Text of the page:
The various properties in the 7,208-ha area are under a variety of public and private ownership. Conservation is the joint responsibility of the national, provincial and municipal governments and the Water Board.

The national government is responsible to protect monuments and conservation areas (city and townscapes), as well as to make funds available for regular architectural maintenance of state-protected monuments. The historic village of Middenbeemster has been designated a protected conservation area in 1985. Many of the other farms and houses, for example the historic “stolpboerderij” farms, are among the 89 state-protected monuments under the 1988 Dutch Monuments and Historic Buildings Act.

The five forts are protected by the Province of Noord-Holland (Fort Spijkerboor, the Fort at the Jisperweg, the Fort at the Middenweg, the Fort at the Nekkerweg and the Fort to the north of Purmerend). Beemster Polder has no buffer zone.

In 2011, the Dutch government adopted the National Policy Strategy for Infrastructure and Spatial Planning (SVIR). This policy came into force in 2012 and ensures the maintenance of World Heritage properties when it comes to the spatial development of the Netherlands. In line with this national policy, a specific preservation regime on the basis of the Dutch Spatial Planning Act (Wro) has been adopted for the Beemster Polder in the General Spatial Planning Rules Decree (Barro). This regime involves legally binding rules that instruct provinces to ensure that the maintenance of the attributes of the World Heritage properties is guaranteed in local zoning plans.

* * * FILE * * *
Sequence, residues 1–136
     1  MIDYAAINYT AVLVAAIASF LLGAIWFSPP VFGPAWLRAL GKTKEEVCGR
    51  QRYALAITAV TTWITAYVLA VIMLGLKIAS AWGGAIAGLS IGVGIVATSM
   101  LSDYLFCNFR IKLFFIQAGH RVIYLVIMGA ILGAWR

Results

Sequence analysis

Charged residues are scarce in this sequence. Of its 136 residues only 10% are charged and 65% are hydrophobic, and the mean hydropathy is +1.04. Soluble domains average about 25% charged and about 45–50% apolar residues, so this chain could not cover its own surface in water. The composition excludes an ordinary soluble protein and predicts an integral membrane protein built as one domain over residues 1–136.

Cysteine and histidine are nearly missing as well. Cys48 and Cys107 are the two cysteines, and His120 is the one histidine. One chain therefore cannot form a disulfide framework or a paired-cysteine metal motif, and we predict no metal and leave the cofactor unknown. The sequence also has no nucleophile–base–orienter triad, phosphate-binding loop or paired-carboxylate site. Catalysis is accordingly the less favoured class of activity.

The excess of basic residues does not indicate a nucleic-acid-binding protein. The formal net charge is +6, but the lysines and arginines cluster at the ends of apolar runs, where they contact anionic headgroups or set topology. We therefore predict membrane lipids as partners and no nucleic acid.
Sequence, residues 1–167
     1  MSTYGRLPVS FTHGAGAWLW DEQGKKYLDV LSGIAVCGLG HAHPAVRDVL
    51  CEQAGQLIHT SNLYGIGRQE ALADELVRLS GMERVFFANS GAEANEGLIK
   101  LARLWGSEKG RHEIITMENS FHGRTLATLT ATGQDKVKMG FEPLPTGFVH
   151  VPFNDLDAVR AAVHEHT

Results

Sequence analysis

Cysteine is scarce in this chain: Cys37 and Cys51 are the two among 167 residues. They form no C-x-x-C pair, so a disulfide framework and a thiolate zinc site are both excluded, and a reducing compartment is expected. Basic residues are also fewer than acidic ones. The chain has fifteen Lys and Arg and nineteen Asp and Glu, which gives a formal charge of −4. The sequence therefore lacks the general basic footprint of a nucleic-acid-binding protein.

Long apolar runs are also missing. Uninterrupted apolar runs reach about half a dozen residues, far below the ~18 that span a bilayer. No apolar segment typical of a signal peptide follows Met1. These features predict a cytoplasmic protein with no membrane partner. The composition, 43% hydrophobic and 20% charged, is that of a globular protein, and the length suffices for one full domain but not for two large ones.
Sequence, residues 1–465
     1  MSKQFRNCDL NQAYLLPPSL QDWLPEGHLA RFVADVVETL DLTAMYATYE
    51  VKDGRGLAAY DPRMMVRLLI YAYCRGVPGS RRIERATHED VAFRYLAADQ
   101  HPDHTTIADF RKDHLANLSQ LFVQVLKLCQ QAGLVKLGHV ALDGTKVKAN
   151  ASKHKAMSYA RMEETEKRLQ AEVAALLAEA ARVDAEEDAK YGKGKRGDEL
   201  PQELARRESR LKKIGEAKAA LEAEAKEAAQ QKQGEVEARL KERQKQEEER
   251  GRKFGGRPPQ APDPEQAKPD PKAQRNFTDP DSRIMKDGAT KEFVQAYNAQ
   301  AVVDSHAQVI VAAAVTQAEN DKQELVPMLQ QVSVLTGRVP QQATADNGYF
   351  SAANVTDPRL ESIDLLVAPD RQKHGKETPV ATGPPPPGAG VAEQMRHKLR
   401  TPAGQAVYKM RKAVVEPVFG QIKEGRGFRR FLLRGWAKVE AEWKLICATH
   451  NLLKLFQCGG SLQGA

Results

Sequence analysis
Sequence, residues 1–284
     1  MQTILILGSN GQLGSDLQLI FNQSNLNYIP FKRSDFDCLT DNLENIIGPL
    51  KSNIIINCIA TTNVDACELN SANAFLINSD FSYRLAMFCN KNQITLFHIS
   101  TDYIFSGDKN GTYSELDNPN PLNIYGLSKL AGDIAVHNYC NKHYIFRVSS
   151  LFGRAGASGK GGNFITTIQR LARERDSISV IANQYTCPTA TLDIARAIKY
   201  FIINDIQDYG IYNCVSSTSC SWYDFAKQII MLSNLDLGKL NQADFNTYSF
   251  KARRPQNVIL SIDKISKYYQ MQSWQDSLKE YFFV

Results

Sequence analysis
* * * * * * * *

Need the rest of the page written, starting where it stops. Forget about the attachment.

The municipality of Beemster and the Hollands Noorderkwartier Water Board are, as site holders of the property, jointly responsible for preserving, protecting, and guaranteeing the exceptional features of the Beemster Polder, and for promoting accessibility and the public's enjoyment of the area. An administrative agreement of cooperation has been drawn up in 2011. Subsequently, a Management Plan for the World Heritage property has been drawn up, along with the development of a Strategic Structural Agenda, zoning plans, and a Municipal Area Agenda (Omgevingsnota). The Management Plan is updated regularly.

The Hollands Noorderkwartier Water Board (Hoogheemraadschap Hollands Noorderkwartier) is responsible for the waterways, water retention and verge planting.

The municipality of Beemster has drawn up a new zoning plan in 2012. There is an overall development policy for the polder, based on its attributes and specific identity. That policy forms the decision-making framework for balancing the heritage qualities and the various aims and developments. Spatial planning interventions, resulting from social and economic developments, are assessed in the light of the World Heritage status of the Beemster Polder. Specific projects ensure that the basic principles and results of the policy are included in zoning plans, the Municipal Area Agenda (Omgevingsnota), and the Strategic Structural Agenda (Structuurvisie) so that new developments strengthen the qualities of the World Heritage property.

The former country residences are the subject of archaeological and heritage investigation, with the option of making the remainders visible at one or more locations for educational purposes in the future.